Our Story


We are a 100% Australian family owned company dedicated to providing quality, sustainably sourced skincare products. Our vision is to share the benefits of the Australian Rainforest through our natural lemon myrtle skincare range.

Rainforest Remedies
our story Rainforest Remedies


The Rainforest Remedies skincare range was developed 20 years ago in the tranquil and lush location of Northern NSW. A change of ownership 3 years ago provided the business with a background in complementary medicine with an aim to continue to provide a range of premium quality natural products whilst also sharing a vast knowledge of the benefits of lemon myrtle in body care and in daily life through the Rainforest Remedies blog and social media.


The Rainforest Remedies brand has taken on a fresh and exciting new look and direction and will continue to expand with new products guided by our customers  in the near future.


The Lemon Myrtle used in all Rainforest Remedies products is grown in plantations on a hinterland plateau which is situated on the rim of the caldera of an extinct volcano. This plateau is noted for its rich red volcanic soil, high rainfall and lush growing conditions as well as rainforest remnants. Rainforest Remedies only sources from Lemon Myrtle trees that are grown using only organic fertilisers and without the use of chemicals. The leaf is harvested and the oil is distilled from the leaf using steam distillation. The oil is then used as a base and blended with other naturally derived ingredients to create an exclusive product range.


All ingredients are carefully selected for the products, cruelty free and sustainably sourced. Rainforest Remedies are a 100% Australian family owned company.


until stocks last!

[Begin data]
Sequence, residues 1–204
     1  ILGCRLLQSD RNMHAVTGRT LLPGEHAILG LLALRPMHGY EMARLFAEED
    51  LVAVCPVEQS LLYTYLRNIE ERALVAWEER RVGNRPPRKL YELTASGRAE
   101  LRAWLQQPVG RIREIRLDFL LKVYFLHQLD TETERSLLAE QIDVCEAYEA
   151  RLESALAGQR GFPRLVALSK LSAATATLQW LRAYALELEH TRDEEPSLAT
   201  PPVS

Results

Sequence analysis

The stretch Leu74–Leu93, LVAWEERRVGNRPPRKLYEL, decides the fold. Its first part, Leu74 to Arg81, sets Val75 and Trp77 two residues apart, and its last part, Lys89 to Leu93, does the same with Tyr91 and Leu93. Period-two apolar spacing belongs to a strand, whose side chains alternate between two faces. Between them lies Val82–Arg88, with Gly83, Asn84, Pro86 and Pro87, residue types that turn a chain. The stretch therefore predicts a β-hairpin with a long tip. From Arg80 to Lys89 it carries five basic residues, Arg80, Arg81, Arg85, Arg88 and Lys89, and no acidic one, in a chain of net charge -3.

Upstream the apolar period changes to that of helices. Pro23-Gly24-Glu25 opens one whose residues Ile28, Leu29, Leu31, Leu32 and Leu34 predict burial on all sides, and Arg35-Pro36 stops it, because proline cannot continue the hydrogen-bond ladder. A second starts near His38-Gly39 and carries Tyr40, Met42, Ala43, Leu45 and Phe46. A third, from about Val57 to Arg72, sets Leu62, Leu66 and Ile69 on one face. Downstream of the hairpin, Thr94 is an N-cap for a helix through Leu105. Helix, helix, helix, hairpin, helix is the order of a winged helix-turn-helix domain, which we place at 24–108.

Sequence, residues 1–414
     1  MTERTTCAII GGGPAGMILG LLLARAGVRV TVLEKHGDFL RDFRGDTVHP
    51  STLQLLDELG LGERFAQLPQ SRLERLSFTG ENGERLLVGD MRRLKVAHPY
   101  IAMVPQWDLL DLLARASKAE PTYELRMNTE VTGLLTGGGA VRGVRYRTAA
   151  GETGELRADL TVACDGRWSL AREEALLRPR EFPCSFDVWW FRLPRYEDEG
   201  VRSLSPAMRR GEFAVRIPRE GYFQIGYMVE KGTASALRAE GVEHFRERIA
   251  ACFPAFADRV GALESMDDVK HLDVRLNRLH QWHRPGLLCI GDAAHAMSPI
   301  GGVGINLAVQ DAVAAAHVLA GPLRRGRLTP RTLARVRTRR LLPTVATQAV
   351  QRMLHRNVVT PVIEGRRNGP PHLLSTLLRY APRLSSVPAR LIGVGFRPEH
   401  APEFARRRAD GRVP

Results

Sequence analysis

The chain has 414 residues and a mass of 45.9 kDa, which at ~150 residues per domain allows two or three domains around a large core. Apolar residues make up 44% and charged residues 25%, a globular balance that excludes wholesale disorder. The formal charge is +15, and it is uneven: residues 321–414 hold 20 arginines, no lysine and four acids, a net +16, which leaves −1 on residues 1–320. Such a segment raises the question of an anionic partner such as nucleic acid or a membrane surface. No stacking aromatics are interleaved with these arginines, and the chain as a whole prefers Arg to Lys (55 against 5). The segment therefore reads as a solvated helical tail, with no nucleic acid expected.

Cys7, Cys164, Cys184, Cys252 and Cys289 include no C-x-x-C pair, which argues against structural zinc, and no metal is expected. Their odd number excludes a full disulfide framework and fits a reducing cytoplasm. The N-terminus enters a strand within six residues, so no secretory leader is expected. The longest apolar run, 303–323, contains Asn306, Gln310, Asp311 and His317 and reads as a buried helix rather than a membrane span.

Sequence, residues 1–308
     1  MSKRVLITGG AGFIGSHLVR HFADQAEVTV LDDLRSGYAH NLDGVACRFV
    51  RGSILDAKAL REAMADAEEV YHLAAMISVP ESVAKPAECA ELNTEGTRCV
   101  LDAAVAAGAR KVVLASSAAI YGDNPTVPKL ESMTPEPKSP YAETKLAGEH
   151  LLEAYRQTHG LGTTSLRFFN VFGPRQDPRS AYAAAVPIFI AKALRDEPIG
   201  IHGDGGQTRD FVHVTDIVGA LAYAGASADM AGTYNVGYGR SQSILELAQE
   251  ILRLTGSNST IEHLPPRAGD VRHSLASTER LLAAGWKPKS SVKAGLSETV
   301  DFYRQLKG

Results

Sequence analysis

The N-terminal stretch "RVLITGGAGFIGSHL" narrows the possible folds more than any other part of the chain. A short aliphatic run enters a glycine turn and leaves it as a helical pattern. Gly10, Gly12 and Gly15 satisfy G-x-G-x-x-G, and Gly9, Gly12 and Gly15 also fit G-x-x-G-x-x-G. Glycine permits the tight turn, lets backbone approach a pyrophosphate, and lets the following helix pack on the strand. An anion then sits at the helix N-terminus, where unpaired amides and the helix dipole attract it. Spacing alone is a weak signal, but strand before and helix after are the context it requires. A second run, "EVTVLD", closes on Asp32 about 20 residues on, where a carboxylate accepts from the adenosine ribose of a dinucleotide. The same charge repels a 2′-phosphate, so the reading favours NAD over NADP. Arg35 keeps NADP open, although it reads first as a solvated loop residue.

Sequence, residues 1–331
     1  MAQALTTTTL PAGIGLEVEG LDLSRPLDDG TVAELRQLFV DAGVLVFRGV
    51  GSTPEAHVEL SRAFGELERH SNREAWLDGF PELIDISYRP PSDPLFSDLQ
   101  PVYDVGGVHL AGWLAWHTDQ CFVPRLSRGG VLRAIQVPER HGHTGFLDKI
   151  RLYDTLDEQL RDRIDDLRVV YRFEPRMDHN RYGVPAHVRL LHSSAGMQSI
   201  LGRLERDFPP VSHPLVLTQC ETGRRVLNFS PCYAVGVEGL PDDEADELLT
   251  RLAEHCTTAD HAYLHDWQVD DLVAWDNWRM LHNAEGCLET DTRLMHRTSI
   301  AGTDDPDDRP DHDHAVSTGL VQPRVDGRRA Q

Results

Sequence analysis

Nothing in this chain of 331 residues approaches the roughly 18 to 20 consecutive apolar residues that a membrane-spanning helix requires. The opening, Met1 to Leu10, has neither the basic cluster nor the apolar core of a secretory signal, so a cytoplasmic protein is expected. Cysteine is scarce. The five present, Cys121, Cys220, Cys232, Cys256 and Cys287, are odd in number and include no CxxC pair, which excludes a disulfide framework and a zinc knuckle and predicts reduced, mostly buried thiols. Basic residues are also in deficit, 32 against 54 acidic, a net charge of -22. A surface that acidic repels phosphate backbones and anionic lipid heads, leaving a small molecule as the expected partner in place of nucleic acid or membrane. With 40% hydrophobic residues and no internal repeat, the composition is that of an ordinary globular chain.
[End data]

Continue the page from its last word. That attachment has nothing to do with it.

The Lemon Myrtle Story

Amidst the growing awareness of the value of Australian native rainforest plants, Lemon Myrtle stands out for the rarity of its fresh fragrance, and its medicinal and germicidal properties.


Indigenous Australians have long used lemon myrtle, both medicinally and in cooking. The oil has the highest citral purity; typically higher than lemongrass. It is also considered to have a “cleaner and sweeter” aroma than comparable sources of citral–such as Lemongrass and May Chang.

our story Rainforest Remedies

The Lemon Myrtle tree was given the botanical name Backhousia Citriodora after the English botanist, James Backhouse back in 1853. The high citral content of the oil extracted from the leaf – 90% to 97% – was ascertained some 100 years ago, but it is only in recent years that its commercial potential is being realised.


The essential oil distilled from the leaf has strong anti-bacterial, anti-fungal and anti-viral properties. The Rideal-Walker test assesses the anti-microbial activity of a plant by examining the phenol co-efficient of a number of essential oil components such as citral, using bacteria salmonella typhii as a test organism. The test (in which the higher scores are best) awards Lemon Myrtle oil a co-efficient rating of 16, Tea tree a score of 11, while Eucalyptus citriodora scores 8.


Research at Charles Sturt University found that Lemon Myrtle (Backhousia citriodora) has excellent antibacterial and anti fungal activity and  studies suggest that Lemon Myrtle oil has better anti-bacterial and anti-fungal properties than the better-known Tea tree (Melaleuca alternantheria).


Use of lemon myrtle oil as a treatment for skin lesions caused by molluscum contagiosum virus, a disease affecting children and immuno-compromised patients, has been investigated. Nine of sixteen patients who were treated with 10% strength lemon myrtle oil showed a significant improvement, compared to none in the control group. [1] A study in 2003 which investigated the effectiveness of different preparations of lemon myrtle against bacteria and fungi concluded that the plant had potential as an antiseptic or as a surface disinfectant, or as an anti-microbial food additive. [2]


  1. Burke, B. E.; Baillie, J. E. & Olson, R. D. (2004), “Essential oil of Australian lemon myrtle (Backhousia citriodora) in the treatment of molluscum contagiosum in children”, Biomed Pharmacother 245–247, doi:10.1016/j.biopha.2003.11.006PMID15183850
  2. Wilkinson, J. M.; Hipwell, M.; Ryan, T.; Cavanagh, H. M. A. (2003). “Bioactivity of Backhousiacitriodora: Antibacterial and Antifungal Activity”. Journal of Agricultural and Food Chemistry76–81. doi:10.1021/jf0258003PMID 12502388.